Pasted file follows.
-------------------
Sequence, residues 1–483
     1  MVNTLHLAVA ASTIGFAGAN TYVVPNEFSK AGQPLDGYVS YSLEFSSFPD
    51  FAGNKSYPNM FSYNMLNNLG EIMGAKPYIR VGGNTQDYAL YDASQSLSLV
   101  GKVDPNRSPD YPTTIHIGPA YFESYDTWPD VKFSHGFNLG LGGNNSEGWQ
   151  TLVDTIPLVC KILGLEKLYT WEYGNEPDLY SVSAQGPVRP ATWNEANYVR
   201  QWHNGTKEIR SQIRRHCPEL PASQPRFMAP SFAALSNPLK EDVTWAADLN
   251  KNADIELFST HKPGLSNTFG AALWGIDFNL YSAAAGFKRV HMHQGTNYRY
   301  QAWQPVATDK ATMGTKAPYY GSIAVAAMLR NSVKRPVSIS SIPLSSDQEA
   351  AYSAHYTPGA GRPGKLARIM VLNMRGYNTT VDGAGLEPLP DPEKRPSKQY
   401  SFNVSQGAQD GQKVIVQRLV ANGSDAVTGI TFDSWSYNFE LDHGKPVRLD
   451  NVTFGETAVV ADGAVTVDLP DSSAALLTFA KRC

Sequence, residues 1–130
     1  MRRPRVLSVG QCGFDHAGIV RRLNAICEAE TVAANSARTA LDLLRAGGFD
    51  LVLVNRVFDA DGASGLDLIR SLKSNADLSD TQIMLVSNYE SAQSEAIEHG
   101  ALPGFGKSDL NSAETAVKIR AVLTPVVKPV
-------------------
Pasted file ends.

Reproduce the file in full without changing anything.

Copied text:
Sequence, residues 1–483
     1  MVNTLHLAVA ASTIGFAGAN TYVVPNEFSK AGQPLDGYVS YSLEFSSFPD
    51  FAGNKSYPNM FSYNMLNNLG EIMGAKPYIR VGGNTQDYAL YDASQSLSLV
   101  GKVDPNRSPD YPTTIHIGPA YFESYDTWPD VKFSHGFNLG LGGNNSEGWQ
   151  TLVDTIPLVC KILGLEKLYT WEYGNEPDLY SVSAQGPVRP ATWNEANYVR
   201  QWHNGTKEIR SQIRRHCPEL PASQPRFMAP SFAALSNPLK EDVTWAADLN
   251  KNADIELFST HKPGLSNTFG AALWGIDFNL YSAAAGFKRV HMHQGTNYRY
   301  QAWQPVATDK ATMGTKAPYY GSIAVAAMLR NSVKRPVSIS SIPLSSDQEA
   351  AYSAHYTPGA GRPGKLARIM VLNMRGYNTT VDGAGLEPLP DPEKRPSKQY
   401  SFNVSQGAQD GQKVIVQRLV ANGSDAVTGI TFDSWSYNFE LDHGKPVRLD
   451  NVTFGETAVV ADGAVTVDLP DSSAALLTFA KRC

Sequence, residues 1–130
     1  MRRPRVLSVG QCGFDHAGIV RRLNAICEAE TVAANSARTA LDLLRAGGFD
    51  LVLVNRVFDA DGASGLDLIR SLKSNADLSD TQIMLVSNYE SAQSEAIEHG
   101  ALPGFGKSDL NSAETAVKIR AVLTPVVKPV